One thing I love about sorting my trap samples is that I never know exactly what I’m going to see! Add to that the novelty of specimens from the far north, and the inherent diversity of insects, and it’s pretty much guaranteed that I’m going to see at least a few new-to-me species every time I sit down at my lab bench.
This term I’ve had an undergraduate student volunteer, Michael, working with me. He quickly demonstrated that he’s not only interested but also talented, progressing from sorting to pinning and pointing specimens (a task I’m notoriously anal about and rarely relinquish to others – everything must look *just so* – but Mike has proven up to the challenge) in a few weeks.
He’s also got what I’d call a “good eye”. While he may not know all the formal taxonomic names or anatomy of everything, he’s been quick to pick up on the visual cues and patterns of different groups of insects, and often points out interesting new things he finds in the samples he’s working on.
The other day, he looked up from his dissecting microscope and asked, “Do all wasps have wings?” He had been taught, you see, that two pairs of membranous wings was one of the defining characters of the wasps he was to extract from his samples. “This looks like a wasp, but it doesn’t have wings.” I came over to his station to take a peek and saw this:
A wingless female parasitoid wasp. Photo by Katie Sim (because I am useless at using our lab microscope camera and Katie can take great photos of tiny things like itsy-bitsy spider genitals. )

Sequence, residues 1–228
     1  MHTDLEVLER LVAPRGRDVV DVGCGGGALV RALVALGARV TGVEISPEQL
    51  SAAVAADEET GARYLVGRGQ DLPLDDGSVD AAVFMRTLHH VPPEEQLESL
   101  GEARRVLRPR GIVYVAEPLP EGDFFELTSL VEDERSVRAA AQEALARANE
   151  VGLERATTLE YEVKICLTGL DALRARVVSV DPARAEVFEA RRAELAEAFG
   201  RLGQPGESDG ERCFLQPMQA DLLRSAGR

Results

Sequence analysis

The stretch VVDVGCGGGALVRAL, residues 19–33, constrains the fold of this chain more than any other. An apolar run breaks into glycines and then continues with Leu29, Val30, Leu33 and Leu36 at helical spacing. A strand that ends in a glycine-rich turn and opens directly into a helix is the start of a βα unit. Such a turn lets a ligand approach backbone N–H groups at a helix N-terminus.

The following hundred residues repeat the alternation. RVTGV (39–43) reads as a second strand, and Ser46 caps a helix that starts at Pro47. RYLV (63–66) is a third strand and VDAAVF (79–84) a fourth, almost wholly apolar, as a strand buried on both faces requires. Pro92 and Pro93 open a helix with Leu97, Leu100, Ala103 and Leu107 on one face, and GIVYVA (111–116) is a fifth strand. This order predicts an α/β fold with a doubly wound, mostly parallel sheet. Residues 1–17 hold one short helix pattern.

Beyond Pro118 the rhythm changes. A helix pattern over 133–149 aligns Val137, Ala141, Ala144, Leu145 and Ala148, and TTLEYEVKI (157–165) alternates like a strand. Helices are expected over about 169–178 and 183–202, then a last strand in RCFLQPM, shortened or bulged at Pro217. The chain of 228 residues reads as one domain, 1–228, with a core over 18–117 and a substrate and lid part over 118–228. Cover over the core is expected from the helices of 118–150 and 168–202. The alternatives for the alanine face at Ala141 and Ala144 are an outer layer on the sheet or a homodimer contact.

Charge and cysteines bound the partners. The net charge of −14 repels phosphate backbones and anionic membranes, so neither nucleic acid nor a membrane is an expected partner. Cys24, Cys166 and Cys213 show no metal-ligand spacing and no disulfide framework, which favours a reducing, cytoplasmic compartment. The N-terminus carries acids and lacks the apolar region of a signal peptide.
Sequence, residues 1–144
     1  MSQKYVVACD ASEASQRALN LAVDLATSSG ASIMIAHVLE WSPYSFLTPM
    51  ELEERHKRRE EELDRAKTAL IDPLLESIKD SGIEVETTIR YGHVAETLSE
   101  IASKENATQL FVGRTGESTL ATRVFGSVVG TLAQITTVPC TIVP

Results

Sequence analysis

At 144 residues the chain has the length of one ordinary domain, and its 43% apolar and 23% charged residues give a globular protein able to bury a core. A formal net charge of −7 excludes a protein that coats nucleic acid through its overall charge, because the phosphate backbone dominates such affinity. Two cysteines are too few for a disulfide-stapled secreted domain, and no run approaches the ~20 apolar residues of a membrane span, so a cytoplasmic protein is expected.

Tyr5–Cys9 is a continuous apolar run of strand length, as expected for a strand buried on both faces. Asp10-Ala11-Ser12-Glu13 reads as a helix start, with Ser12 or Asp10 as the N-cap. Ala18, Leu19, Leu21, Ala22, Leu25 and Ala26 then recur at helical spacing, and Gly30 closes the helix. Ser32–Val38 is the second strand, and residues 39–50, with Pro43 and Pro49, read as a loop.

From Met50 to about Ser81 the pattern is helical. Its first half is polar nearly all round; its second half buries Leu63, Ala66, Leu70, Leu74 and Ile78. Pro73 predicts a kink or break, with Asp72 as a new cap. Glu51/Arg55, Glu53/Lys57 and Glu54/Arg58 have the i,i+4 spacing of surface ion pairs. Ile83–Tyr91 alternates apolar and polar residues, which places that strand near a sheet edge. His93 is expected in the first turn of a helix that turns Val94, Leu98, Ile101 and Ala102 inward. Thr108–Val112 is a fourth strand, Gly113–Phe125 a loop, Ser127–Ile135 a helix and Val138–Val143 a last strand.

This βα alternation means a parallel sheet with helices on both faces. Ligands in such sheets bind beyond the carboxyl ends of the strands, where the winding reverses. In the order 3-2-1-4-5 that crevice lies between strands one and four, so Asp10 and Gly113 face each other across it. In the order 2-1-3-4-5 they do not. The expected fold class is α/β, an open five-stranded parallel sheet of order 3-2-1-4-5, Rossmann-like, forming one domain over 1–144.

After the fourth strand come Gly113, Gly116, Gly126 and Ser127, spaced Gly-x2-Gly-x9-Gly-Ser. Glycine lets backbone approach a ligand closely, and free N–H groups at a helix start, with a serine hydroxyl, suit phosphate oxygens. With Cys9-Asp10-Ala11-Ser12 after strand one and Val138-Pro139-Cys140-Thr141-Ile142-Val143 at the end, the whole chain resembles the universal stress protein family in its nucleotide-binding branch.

I saw that he had correctly nailed this critter as a Hymenopteran, and that, indeed, it had no signs of wings. In a moment of blinding genius, the first words that fell out of my mouth were: “It’s an ant!” Then, “No, wait…” Although the tiny, reddish, long-legged animal did rather resemble an ant, the abdomen, mouthparts and antennae were all wrong. A wingless wasp it was! How cool! I shared Mike’s excitement over the discovery, as this was a first for me as well.
I did some Googling and Bug Guide searching, and found that a number of parasitic wasp groups had wingless females. (I also read that many of these were ant-mimics that would sneakily attack ant-tended hoppers and their nymphs, so felt somewhat better about my earlier ID gaffe). Since there were too many possibilities, I called in the reinforcements: the post-doc in our lab also happens to be our resident wasp expert. Laura kindly agreed to take a look at the tiny critter and quickly confirmed her initial suspicions: it’s a member of the family Ichneumonidae, of the genus Gelis. And that’s about as good an ID as we’ll get, because apparently the Gelis sp. group is ridonculously difficult to pick through.
As far as their diet goes, Laura had this to say: “They attack a variety of things, generally things in silk cocoons. So, they can be hyperparasitoids on cocoons of Ichneumonoidea, or primary parasitoids on spider egg sacs or small Symphyta and Lepidoptera cocoons”. So much for my maybe-it-looks-like-an-ant-so-it-can-attack-ant-tended-hoppers theory. This wasp’s winglessness may therefore be a reflection of her preferred food sources: egg sacs or cocoons attached to low-lying vegetation are perhaps easier to access by land, rather than by air. By not “wasting” energy on the development of wings or on flight, the female wasp might be able to devote more energy to the production of her eggs and eventual offspring.
I love this little discovery in part because parasitoids are awesome and wingless parasitods are extra-cool. But I think I love it MORE because it involved the combined efforts of four people to pull all the pieces together (thanks Mike, Katie and Laura!)